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Let $\{\mathrm a _ n \mid \mathrm n \in \omega\}$ be a countably family of countable sets. Prove $\bigcup _{n\in \omega} a _i$ is countable.

We can't suppose axiom of choice but, to balance things out we can suppose there's a family of bijections $\mathcal f _ n :\omega\ \rightarrow\ \mathcal a _ n\ $ for each $n$ in $\omega$ .

I started by making each set from the family disjoint to each other by defining $\mathrm b_0 = \mathrm a_0$, $\mathrm b_n = \bigcup_{i = 0}^{n-1} a_i$ and so on. It all seemed to work fine since $\bigcup_{n\in \omega} b_i = \bigcup_{n\in \omega} a_i$ and i was then almost able to arrange the elements of each set in some sort of table from which i could build a bijection from $\omega \times\omega $ to $\omega$.

To do so, i needed to define new functions $\mathcal g_n$'s from the $\mathcal f_n$'s i had. First i can define $g_0 = f_0$. But then i can't figure out how to index the next elements in $b_1$ without overlaping nor using axiom of choice.

Any wise advice will be truly appreciated.

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  • $\begingroup$ Since the axiom of choice is only needed to choose the bijections... $\endgroup$
    – Asaf Karagila
    Jun 4, 2018 at 8:53
  • $\begingroup$ Also, the axiom of choice tag is for questions related to the necessity or usage of the axiom of choice in a proof. This question is about neither. $\endgroup$
    – Asaf Karagila
    Jun 4, 2018 at 11:42

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Fix $n_0$. We have $f_{n_0}$ injects $a_{n_0}$ into $\mathbb{N}$. Consider the following injection $g_{n_0}\circ f_{n_0}$, where $g_{n_0}:m\mapsto p_{n_{0}}^m$ and $p_{n_0}$ is the $n_0$-th prime number under the usual ordering.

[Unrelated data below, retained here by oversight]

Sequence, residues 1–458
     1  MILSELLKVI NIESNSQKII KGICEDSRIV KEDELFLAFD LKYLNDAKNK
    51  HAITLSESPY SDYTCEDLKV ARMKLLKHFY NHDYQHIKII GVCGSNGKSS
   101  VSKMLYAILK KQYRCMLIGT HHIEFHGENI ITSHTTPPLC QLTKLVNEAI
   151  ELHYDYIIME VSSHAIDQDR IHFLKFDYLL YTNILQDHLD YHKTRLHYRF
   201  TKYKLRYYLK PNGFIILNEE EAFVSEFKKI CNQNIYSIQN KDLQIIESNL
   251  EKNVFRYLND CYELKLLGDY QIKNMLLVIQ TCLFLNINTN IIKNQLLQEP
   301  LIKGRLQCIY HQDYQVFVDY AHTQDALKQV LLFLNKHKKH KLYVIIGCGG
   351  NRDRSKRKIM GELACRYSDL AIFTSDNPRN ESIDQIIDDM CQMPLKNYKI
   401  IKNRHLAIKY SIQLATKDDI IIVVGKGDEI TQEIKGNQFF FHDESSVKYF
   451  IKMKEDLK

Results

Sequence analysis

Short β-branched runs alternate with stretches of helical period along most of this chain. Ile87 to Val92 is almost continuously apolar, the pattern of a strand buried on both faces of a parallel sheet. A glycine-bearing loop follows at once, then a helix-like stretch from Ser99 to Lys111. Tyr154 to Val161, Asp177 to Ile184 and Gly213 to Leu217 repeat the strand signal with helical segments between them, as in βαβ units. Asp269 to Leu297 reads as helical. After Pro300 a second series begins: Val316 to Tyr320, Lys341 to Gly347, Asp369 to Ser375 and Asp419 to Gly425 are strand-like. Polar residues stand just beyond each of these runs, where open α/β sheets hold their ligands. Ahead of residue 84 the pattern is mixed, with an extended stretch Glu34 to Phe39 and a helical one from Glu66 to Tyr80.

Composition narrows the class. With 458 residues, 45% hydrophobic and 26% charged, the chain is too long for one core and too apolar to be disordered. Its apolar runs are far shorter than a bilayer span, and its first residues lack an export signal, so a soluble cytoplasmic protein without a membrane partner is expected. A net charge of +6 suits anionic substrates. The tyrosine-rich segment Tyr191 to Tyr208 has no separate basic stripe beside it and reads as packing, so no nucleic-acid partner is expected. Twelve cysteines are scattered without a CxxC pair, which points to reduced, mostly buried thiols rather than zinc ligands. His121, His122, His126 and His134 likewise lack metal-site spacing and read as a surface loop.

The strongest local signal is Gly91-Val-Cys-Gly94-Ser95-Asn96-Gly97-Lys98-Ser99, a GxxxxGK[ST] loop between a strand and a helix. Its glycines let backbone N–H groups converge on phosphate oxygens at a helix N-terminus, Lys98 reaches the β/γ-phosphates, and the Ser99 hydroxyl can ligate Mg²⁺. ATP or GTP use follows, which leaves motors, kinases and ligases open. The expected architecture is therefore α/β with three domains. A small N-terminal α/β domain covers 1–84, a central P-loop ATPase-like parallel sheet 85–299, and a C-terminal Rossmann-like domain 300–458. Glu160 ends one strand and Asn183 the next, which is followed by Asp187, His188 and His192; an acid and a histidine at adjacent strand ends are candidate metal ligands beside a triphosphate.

Then $\bigcup_{n\in\mathbb{N}}(g_n\circ f_n)$ is the desired injection from $\bigcup_{n\in\mathbb{N}} a_n$ to $\mathbb{N}$.

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  • $\begingroup$ I don't get it, since each function $\mathcal f _ n $ goes from $\omega $ to each specified set, are you suggesting to take the inverse of it? I have just edited my question to specify the $\mathcal f _ n$ functions go from $\omega\ $ to $\mathcal a _n $ . $\endgroup$ Jun 4, 2018 at 2:56
  • $\begingroup$ Yes. Let $f_n$ be any function that injects $a_n$ into $\omega$. Observe that the existence of the following family of functions $\{f_n:n\in\omega\}$ is all that is needed from the axiom of choice since we need to choose $f_n$ for infinitely many $n$. $\endgroup$ Jun 4, 2018 at 4:11
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The proof is similar to show that the rationals are countable. Let {$A_i$}$_{i=1}^\infty$ be a countable family of countable sets. Consider an array whose first columns enumerates every member of $A_1$, and the second column enumerate every member of $A_2$ and so on. \begin{bmatrix} A_{(1,1)} & & A_{(2,1)} & \rightarrow& A_{(3,1)} & \\ \downarrow & & \uparrow& & \downarrow \\ A_{(1,2)} & \rightarrow& A_{(2,2)}& &A_{(3,2)} \\ & & & & \downarrow\\ A_{(1,3)} & \leftarrow & A_{(2,3)} & \leftarrow & A_{(3,3)}\\ \downarrow \\ \end{bmatrix} Take into account three things:

  1. Some columns might be finite

  2. Number of columns might be finite

  3. Some elements might be repeated

From the enumeration above, {$A_i$}$_{i=1}^\infty$ is countable.

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  • $\begingroup$ But this way you would be using Axiom of Choice to build the arangement aren't you? $\endgroup$ Jun 4, 2018 at 5:07

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